The great thing is that there are people on our team that had to solve problems that were just as difficult as this -- and they've succeeded. They're prepared and are excited about attacking this head on.

You're a Public Benefit Corporation that hopes for broad public involvement -- so how can people get involved? 

Tom: There will be be multiple ways. Something we're working on that's very close to being finished is a community of interest: A place where we can create the intersection between government and civilizations on the subjects we're interested in studying and telling stories about. We'll give people the opportunity to interact with people who deal or have dealt with these subjects. 

If you want to invest, from day one we made this something the public could invest in with us and own.

Traditionally most people are left out of investing on the ground floor. You don't get invited to those meetings. (Laughs.)  We've created a vehicle where young people can come in and be a part of this, and I'm really excited about that.

In essence you're democratizing the science and technology and also the ownership.

Tom: We're trying to democratize a very specific set of information, to democratize some technologies that not only do we think are doable but could lead to solving a number of issues. The Direct Public Offering is democratizing capital; it's like treating Wall Street the way YouTube treated TV.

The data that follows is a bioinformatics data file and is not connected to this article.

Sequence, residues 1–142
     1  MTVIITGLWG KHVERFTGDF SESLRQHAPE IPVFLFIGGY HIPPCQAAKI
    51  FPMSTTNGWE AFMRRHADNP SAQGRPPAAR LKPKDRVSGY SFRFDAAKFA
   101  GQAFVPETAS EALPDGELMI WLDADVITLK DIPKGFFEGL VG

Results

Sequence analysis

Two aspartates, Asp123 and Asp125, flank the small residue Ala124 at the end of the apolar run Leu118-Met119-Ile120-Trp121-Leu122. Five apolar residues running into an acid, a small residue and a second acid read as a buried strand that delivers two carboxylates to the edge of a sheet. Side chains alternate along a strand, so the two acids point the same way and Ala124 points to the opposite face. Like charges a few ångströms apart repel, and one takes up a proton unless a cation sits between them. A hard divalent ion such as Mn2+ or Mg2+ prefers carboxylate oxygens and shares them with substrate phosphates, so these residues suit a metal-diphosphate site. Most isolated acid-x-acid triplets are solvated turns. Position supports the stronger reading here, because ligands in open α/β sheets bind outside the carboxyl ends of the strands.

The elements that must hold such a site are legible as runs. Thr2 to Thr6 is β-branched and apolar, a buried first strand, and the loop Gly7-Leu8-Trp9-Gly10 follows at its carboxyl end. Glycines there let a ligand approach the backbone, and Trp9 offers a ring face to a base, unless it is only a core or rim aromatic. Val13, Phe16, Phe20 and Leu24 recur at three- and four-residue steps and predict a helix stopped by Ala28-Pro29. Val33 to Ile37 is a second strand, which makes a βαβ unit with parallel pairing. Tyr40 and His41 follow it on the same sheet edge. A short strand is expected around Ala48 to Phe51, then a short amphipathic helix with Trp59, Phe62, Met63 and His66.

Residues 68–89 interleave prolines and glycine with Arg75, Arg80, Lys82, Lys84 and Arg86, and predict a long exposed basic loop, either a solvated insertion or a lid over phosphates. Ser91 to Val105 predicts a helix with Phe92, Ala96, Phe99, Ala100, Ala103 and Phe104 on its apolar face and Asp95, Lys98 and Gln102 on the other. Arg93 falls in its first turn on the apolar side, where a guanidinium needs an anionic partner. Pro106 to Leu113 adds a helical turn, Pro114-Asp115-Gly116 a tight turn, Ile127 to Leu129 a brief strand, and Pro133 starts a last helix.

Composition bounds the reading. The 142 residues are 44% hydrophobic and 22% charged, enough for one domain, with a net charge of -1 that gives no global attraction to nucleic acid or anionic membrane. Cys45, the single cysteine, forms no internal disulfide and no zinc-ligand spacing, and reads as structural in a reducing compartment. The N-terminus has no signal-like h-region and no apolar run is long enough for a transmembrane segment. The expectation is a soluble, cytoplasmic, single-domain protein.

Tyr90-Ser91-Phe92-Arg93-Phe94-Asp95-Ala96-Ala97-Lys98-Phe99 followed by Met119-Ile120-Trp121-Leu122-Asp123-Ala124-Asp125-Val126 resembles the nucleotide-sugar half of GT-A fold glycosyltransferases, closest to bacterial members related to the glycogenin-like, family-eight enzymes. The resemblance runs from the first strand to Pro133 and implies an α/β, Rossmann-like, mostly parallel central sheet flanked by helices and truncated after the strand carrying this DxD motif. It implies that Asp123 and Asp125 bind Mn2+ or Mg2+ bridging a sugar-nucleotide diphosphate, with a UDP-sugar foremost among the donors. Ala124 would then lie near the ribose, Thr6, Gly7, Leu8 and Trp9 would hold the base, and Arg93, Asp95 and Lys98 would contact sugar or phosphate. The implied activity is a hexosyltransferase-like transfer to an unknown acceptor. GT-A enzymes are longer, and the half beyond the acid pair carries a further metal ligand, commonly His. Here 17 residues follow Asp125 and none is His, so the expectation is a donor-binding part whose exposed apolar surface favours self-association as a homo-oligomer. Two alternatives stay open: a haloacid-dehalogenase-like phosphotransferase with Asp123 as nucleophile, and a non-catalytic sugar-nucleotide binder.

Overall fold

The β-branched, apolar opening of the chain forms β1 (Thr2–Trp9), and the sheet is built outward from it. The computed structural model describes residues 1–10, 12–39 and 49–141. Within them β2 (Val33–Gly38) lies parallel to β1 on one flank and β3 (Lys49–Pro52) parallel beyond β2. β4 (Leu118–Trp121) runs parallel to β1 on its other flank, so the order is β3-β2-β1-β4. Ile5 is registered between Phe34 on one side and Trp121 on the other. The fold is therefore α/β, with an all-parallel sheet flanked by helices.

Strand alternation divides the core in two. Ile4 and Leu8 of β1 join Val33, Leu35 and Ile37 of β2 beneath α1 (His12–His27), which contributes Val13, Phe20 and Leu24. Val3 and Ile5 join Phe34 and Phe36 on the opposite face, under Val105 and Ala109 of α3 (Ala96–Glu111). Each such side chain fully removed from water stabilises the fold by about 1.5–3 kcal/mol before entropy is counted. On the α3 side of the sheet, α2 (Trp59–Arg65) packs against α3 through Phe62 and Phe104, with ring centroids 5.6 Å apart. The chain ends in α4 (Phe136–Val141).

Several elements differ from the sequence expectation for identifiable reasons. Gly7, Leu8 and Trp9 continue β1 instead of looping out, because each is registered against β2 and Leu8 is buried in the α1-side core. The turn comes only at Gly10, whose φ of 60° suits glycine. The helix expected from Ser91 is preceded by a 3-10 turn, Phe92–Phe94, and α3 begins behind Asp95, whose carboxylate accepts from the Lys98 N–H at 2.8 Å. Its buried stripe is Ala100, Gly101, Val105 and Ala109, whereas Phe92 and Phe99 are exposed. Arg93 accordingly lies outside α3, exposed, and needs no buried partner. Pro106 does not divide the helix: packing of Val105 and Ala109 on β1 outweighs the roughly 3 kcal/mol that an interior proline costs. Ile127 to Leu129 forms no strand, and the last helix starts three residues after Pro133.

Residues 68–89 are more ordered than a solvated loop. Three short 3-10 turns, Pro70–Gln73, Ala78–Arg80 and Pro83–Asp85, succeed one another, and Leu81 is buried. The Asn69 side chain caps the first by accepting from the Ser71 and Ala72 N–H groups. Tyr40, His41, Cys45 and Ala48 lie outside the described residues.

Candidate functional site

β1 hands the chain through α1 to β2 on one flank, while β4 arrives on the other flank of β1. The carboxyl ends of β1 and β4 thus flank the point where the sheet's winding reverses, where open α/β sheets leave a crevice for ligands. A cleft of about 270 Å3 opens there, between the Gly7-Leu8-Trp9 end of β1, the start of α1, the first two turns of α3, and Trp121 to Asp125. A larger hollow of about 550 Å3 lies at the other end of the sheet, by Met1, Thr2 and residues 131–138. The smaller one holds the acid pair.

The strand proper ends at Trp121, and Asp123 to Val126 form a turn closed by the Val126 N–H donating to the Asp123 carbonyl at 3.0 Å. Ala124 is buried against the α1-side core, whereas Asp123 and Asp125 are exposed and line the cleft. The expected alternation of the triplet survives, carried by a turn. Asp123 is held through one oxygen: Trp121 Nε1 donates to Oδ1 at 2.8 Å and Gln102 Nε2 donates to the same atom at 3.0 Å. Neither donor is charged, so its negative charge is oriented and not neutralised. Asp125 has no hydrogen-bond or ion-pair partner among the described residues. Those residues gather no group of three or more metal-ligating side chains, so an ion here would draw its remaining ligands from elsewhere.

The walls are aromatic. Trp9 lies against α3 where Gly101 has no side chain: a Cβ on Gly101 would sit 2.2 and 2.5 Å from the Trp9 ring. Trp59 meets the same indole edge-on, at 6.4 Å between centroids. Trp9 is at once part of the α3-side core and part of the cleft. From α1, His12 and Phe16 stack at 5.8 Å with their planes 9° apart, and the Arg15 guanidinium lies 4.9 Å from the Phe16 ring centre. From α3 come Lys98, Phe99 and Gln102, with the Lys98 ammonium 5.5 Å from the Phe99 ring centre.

Steve: I think it's important to note that Tom really wants to make a better future for his son and daughter. This is very personal to him. There's a public benefit, but it's also about making a better world for his kids to live in.

Tom: I think the biggest gift we can give our kids is a better world after we're gone. Helping to unite people, to get us off of fossil fuels, to better understand where we came from... To The Stars is a mechanism to do the science, engineering, and storytelling that is needed to push us over the hump.

Something I want to say to your readers. On the plane here I was thinking about how it's really not that hard to do something extremely disruptive and do something positive for the world if you just apply yourself, and stick with it, and don't give up.

This is the craziest subject and most ambitious ideas I've ever had, it's the most groundbreaking thing I could be a part of... and it ended up being the most organic and easiest thing to put together.

If you're thinking big, it's really not that hard to find people who want to do amazing things with you. In fact, the bigger you think... the easier it is to find people who want to think big -- and do big things -- with you.

Get more info about To The Stars Academy and read the Offering Circular at